Back in the 1980s, Victor Kiam captured the imagination of TV viewers everywhere with his catchphrase “I liked it so much, I bought the company.” This is very much the spirit in which Red Bull approached Formula One. Red Bull Racing has become as much a part of the motor racing furniture as McLaren, Williams and even Ferrari since buying the Jaguar Racing Team from Ford 15 years ago. The following year they bought the cash-strapped Minardi team, rebranded it as Torro Rosso and the rest is history. It’s given the Austrian soft drinks company a unique position in one of the most lucrative and high-profile sports on the planet. Red Bull has extended its model of buying and rebranding teams to other sports, leading to the introduction of, for example, the New York Red Bulls in soccer, EC Red Bull Salzburg hockey team and the Red Bull eSports team.
1st – Pepsi
The biggest company of them all in terms of sports sponsorship might come as a surprise to some. Pepsi takes the top spot due to its immense marketing spending every year on sports sponsorship and its decision to focus on tournaments over individual teams. These are not just any tournaments, however. The company has deals with the NFL, the NBA and the NHL. It was also the main sponsor for MLB and MLS until the two leagues signed new sponsorship agreements with Coca Cola. Pepsi has not entirely ignored going down the team sponsorship route, though. At present, it has deals with several major US and international teams including the Buffalo Bisons NHL team and the Pakistan national cricket team.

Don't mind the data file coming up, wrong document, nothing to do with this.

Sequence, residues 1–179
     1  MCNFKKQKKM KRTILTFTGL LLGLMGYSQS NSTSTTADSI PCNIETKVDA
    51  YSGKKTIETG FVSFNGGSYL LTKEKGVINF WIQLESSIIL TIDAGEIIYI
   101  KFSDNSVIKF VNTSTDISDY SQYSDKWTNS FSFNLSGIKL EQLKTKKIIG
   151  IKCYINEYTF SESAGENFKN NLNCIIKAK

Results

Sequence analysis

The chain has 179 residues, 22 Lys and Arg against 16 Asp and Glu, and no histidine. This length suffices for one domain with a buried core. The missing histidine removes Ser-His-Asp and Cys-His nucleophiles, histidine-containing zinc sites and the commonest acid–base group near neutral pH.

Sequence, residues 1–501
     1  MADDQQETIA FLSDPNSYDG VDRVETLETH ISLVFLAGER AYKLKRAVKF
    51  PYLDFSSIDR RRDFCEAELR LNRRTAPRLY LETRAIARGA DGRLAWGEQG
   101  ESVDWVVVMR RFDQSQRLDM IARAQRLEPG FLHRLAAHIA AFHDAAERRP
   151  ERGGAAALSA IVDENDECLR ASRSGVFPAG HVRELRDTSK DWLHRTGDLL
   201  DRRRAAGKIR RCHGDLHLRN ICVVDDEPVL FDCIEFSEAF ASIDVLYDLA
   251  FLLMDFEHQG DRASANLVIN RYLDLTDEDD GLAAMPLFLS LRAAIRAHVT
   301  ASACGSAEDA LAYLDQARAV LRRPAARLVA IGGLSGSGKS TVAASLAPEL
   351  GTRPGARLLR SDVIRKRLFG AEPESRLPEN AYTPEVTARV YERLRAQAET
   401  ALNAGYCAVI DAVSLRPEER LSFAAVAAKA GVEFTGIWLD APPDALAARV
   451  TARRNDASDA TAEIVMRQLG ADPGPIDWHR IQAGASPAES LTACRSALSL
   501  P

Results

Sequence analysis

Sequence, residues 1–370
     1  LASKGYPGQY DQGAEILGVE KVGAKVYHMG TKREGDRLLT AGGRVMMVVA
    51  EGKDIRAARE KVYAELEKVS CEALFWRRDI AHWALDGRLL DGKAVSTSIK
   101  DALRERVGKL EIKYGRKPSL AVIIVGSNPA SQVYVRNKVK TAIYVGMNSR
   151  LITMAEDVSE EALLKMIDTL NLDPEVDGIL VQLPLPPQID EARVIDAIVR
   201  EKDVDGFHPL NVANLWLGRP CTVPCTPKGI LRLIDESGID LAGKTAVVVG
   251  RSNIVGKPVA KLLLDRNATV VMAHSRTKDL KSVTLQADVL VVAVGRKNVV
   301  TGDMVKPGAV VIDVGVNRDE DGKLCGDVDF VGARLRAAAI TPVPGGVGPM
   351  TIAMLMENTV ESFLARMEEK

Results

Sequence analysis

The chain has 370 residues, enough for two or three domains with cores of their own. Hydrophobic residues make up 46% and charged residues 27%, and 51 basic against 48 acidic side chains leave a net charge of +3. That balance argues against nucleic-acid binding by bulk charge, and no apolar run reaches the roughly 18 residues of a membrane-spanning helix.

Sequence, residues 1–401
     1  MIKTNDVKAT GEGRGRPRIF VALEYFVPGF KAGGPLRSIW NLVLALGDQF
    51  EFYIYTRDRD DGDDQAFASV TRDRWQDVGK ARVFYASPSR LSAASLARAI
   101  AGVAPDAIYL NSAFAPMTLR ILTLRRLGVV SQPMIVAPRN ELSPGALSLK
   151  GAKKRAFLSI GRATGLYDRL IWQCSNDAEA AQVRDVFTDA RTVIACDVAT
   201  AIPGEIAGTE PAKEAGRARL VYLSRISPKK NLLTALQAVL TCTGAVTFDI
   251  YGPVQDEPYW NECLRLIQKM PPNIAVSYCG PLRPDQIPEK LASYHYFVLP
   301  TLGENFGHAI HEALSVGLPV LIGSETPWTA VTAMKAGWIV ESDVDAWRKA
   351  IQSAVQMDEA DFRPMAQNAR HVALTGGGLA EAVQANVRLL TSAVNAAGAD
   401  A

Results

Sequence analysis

Changing times, but the same old faces
There are, without doubt, plenty of changes in the air with regard to the way sport is funded and the companies that are involved. Tech firms and sports betting businesses definitely have a more important role in this smartphone age of live betting, eSports and the like. However, at the fundamental level, we can see that things have not changed so much as we might think. The biggest sporting events on the world stage and the global brands that sponsor them don’t really look so different to how they were 10 or 20 years ago.
This article does not necessarily reflect the opinions of the editors or management of EconoTimes.